Faecal Occult Blood Test

Case of the Month (Emma Scurrell April 2011)

‘Lung-digit’ syndrome in a cat 

A 10-year-old DSH cat presented for a single swollen digit on the left foreleg. A fine needle aspirate was taken (fig.1) and following the results, the digit was amputated and submitted for histopathology (figs. 2&3).

 Fig 1. This is a fine needle aspirate specimen from the swollen digit (stained with modified Wrights-Giemsa) which reveals a cohesive cluster of pleomorphic neoplastic epithelial cells. These cells have a high N:C ratio and contain large nuclei (compare them to the size of the RBCs in the background) with prominent nucleoli. This is indicative of a carcinoma.

Fig 2. An H&E section of the skin overlying the amputated digit. The dermis is extensively infiltrated by nests and glandular acini of neoplastic epithelial cells which similarly infiltrate the underlying third phalanx associated with osteolysis. 


Fig 3 An H&E section of the neoplasm at higher magnification. This section is focused on a glandular structure which is lined by neoplastic pseudostratified columnar epithelium. Note that some of the columnar cells are ciliated (red arrow). The black arrows point to goblet cells which are characterised by intracytoplasmic basophilic mucinous material. 

Final Diagnosis

Metastatic adenocarcinoma to the digit 


Adenocarcinomas affecting the digit of cats are not common but can either be primary (e.g. apocrine or eccrine origin) or metastatic. The morphological features of the neoplasm in this case including the presence of ciliated pseudostratified columnar epithelium (consistent with respiratory origin) and goblet cells are typical of metastatic disease. Primary pulmonary carcinomas are the most common neoplasms which can be associated with metastasis to the digits in cats. In some cases, multiple digits may be simultaneously affected and this should raise the suspicion of metastatic disease. Metastasis to the digits often occurs prior to the onset of clinical signs of respiratory disease however radiographs should confirm the presence of a pulmonary mass.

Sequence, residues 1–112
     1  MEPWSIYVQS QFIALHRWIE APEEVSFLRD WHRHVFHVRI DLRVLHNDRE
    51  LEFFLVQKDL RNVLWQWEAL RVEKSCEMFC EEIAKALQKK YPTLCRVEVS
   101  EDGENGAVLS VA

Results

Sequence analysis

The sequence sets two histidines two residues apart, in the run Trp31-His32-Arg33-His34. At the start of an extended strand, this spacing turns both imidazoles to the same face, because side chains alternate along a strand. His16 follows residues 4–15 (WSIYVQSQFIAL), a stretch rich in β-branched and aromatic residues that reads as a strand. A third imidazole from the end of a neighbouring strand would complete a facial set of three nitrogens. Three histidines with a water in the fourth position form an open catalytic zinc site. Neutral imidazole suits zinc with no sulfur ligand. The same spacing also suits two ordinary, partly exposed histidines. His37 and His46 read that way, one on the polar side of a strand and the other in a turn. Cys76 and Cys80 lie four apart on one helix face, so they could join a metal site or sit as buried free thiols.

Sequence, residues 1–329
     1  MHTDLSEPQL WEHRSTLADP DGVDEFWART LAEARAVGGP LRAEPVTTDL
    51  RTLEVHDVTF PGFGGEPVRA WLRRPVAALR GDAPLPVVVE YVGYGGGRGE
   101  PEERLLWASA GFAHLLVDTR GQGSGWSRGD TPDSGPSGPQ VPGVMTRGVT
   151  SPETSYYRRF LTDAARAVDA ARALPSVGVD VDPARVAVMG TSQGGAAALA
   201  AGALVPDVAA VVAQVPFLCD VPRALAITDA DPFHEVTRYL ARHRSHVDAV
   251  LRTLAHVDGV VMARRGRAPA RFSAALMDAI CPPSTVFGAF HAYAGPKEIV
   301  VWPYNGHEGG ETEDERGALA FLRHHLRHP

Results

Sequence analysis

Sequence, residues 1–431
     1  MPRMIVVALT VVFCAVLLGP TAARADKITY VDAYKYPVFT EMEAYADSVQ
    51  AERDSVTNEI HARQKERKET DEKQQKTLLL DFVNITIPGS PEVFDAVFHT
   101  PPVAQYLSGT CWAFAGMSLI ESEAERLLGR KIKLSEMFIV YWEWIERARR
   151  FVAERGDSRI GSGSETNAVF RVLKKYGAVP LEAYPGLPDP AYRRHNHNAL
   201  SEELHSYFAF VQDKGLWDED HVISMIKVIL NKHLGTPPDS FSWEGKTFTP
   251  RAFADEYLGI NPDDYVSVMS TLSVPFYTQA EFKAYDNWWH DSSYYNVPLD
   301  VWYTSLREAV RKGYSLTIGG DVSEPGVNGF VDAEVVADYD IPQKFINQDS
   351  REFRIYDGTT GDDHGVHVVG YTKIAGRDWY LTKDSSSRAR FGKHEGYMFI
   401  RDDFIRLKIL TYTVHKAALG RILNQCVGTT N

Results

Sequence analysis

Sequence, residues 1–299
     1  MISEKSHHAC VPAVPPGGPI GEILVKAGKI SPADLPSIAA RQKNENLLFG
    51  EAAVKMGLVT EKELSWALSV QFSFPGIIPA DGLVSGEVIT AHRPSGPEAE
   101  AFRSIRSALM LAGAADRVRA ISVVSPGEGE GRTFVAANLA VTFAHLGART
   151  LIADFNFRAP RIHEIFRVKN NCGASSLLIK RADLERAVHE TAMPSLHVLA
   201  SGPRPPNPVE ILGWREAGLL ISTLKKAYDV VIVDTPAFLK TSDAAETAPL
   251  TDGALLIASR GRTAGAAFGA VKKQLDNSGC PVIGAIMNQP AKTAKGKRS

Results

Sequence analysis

Previous Monthly Cases

Hypertensive Retinopathy January 2010
FIP in a cat - uncommon presentation February 2010
Phaeohyphomycosis    March 2010 
Scleral Rupture April 2010
Canine and feline epulides May 2010
Erythema multiforme in a labrador retreiver June 2010
Keloidal fibrosarcoma in a labrador retreiver July 2010
Cutaneous epitheliotropic lymphoma  August 2010 
Benign cutaneous histiocytoma  September 2010 
Iridociliary adenoma October 2010
Proliferative thrombovascular necrosis of the pinnae November 2010
Signet-ring cell carcinoma in the stomach of a dog December 2010
Cutaneous infiltrative lipoma in a labrador January 2011

Tonsillar squamous cell carcinoma February 2011
Canine orbital meningioma March 2011

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Faecal Occult Blood Test